MOUNT CARMEL — Many think slavery ended a long time ago, but there are more slaves now than there has been in any point in history. There are more than 20 million slaves are in the world today, said David Matthews, a licensed clinical social worker in southern Illinois who specializes in treating abused, neglected and adopted children.
Matthews gave an informative presentation at the Wabash County Project Success Coalition meeting Wednesday, April 12, about how to recognize signs of human trafficking, and how and why it happens even here in places like Mount Carmel.
"We thought slavery went away with the Civil War — that's not true," he said. "Poverty breeds slaves and we have lots of these victims in the U.S. right now. In fact, there's probably about 26,000 kids being sexually marketed in the U.S. right now."
Those 26,000 are not exclusive to big cities like Chicago or New York, Matthews continued. The human trafficking of children can happen in any community, even in the rural Midwest. The victims of human trafficking come from all walks of life, and can be any age, race and gender.
"There was a van that came down interstate 57 that had 'one time specials,'" Matthews said. "And 'one time specials' were little boys that got delivered to houses for sex — and this was in a small town just west of here on interstate 57."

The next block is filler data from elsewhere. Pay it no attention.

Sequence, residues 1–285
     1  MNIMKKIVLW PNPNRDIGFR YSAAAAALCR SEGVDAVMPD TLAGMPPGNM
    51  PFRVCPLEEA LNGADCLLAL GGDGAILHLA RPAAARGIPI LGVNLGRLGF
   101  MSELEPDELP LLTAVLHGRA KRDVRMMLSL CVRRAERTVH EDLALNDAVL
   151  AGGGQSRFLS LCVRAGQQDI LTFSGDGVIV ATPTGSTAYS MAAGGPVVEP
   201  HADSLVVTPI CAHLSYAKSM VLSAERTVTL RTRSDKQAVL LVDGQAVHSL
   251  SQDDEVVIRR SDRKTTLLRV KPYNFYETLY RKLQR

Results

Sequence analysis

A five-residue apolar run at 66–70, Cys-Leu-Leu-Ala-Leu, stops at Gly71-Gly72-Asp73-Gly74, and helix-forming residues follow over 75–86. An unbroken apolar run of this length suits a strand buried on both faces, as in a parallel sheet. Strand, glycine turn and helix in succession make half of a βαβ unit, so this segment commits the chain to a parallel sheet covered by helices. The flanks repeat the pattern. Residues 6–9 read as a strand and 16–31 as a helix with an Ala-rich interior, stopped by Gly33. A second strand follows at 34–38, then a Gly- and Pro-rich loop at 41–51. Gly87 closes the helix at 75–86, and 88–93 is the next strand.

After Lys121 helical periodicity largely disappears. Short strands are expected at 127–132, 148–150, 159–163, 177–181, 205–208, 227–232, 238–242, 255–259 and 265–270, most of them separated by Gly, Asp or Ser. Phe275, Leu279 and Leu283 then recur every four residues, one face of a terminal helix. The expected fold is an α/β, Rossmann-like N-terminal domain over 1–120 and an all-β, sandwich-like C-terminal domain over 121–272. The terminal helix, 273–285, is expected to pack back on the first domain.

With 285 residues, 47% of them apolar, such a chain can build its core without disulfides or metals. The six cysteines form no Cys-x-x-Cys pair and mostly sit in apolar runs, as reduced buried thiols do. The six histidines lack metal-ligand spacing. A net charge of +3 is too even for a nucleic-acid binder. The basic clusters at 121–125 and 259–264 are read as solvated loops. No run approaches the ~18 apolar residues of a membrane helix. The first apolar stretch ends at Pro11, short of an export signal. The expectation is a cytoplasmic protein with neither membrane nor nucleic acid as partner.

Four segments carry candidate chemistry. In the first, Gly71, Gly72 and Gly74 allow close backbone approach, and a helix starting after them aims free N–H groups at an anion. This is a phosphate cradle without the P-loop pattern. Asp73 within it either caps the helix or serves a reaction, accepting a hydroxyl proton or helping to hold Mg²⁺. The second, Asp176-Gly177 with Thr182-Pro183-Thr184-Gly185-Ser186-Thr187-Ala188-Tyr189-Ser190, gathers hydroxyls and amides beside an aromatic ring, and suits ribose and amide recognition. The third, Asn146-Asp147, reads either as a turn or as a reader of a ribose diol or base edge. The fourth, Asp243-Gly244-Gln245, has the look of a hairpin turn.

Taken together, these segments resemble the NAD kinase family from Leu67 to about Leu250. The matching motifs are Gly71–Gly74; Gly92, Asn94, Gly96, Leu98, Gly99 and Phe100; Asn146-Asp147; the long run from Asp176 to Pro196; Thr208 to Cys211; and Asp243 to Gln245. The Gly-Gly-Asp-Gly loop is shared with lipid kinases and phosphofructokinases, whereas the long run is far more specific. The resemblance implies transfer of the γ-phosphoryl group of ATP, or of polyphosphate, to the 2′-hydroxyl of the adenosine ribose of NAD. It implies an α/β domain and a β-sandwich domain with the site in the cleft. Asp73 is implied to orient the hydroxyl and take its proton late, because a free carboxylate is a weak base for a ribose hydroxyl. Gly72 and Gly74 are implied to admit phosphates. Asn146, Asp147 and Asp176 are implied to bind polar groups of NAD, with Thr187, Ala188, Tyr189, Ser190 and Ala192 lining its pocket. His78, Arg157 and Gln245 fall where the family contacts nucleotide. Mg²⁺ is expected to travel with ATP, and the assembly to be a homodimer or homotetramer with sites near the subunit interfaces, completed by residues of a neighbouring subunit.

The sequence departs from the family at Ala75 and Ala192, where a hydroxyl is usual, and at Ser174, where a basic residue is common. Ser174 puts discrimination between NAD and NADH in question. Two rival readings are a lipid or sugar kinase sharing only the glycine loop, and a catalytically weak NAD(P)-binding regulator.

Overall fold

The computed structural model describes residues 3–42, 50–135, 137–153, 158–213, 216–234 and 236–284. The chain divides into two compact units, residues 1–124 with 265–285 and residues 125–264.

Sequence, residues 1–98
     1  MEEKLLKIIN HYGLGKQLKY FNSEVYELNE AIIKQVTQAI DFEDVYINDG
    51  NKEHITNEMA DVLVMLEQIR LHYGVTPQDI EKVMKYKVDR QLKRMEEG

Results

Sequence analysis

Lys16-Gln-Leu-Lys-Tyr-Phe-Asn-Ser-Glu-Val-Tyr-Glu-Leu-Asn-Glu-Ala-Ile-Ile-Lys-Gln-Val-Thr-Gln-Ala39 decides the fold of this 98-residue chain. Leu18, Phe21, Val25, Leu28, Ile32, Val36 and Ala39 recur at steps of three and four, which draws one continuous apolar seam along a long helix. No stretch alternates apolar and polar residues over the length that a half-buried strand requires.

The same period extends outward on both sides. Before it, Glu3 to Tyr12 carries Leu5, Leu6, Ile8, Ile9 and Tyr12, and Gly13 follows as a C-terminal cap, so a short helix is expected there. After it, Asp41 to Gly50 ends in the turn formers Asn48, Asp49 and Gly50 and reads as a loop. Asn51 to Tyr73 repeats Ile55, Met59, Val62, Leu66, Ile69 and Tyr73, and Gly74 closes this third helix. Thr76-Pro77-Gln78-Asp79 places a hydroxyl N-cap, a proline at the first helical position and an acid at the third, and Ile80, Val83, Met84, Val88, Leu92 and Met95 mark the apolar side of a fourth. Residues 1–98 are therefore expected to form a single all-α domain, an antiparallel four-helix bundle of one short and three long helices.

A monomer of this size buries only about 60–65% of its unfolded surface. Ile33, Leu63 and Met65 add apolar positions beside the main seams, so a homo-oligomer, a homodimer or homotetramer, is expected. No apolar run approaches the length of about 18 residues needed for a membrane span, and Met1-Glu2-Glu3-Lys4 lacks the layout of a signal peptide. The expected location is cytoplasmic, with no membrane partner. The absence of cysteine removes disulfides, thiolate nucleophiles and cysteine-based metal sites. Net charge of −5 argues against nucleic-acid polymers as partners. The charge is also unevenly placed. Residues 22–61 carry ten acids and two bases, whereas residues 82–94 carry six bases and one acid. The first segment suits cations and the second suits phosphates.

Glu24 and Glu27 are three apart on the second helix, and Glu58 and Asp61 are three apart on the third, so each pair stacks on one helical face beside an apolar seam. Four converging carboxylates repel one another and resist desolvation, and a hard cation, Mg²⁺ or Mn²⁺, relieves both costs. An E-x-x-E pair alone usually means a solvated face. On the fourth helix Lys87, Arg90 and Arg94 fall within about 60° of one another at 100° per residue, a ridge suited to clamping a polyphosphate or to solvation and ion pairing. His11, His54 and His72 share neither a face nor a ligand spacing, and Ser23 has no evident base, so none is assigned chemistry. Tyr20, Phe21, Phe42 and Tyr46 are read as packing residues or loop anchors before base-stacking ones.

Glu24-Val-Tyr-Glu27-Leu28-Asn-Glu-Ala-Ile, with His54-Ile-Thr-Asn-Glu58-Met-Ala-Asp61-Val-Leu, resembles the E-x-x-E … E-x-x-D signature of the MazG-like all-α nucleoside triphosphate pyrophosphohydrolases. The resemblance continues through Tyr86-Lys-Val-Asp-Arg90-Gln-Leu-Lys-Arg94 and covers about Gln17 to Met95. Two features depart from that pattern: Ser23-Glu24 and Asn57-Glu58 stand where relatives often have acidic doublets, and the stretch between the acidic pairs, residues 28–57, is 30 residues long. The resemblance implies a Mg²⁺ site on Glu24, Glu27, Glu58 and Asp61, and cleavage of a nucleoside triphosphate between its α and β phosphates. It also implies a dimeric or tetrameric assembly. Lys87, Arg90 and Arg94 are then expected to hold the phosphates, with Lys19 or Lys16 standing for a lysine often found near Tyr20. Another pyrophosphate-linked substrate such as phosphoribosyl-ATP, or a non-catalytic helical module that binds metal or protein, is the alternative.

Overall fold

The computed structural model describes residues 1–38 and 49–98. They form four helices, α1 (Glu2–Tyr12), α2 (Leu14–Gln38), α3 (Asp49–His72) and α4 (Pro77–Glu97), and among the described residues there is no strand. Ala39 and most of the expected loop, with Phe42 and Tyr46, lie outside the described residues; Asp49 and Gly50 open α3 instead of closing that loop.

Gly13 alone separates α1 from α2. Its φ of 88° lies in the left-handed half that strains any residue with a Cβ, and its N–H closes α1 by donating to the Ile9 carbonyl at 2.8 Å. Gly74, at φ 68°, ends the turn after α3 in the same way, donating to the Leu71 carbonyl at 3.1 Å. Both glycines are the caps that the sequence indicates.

One in eight children who run away from home get involved in sex trafficking, due to the nature of hitch hiking, Matthews said.
Local advocacy groups are trying to combat the epidemic, however. Groups like Torch, Truckers Against Trafficking and Ink 180 all have unique ways in which help stop human trafficking.
Torch works to raise awareness and educate communities, Truckers Against Trafficking trains semi drivers to look for signs of human trafficking at truck stops and Ink 180 provides free cover-up tattoos to erase the barcode most victims are branded with while they are in slavery.
There are three kinds of human trafficking, including forced labor, domestic servitude and sex trafficking. Adults and children become victims of these crimes for various reasons, Matthews said.
"Traffickers use force, fraud, or coercion to lure their victims and force them into labor or commercial sexual exploitation," the Department of Homeland Security website explains. "They look for people who are susceptible for a variety of reasons, including psychological or emotional vulnerability, economic hardship, lack of a social safety net, natural disasters or political instability."
To report suspected human trafficking, call 1-866-347-2423 or to get help from the National Human Trafficking Hotline, call or text 1-888-373-7888.
More information can be found online at www.dhs.gov/blue-campaign.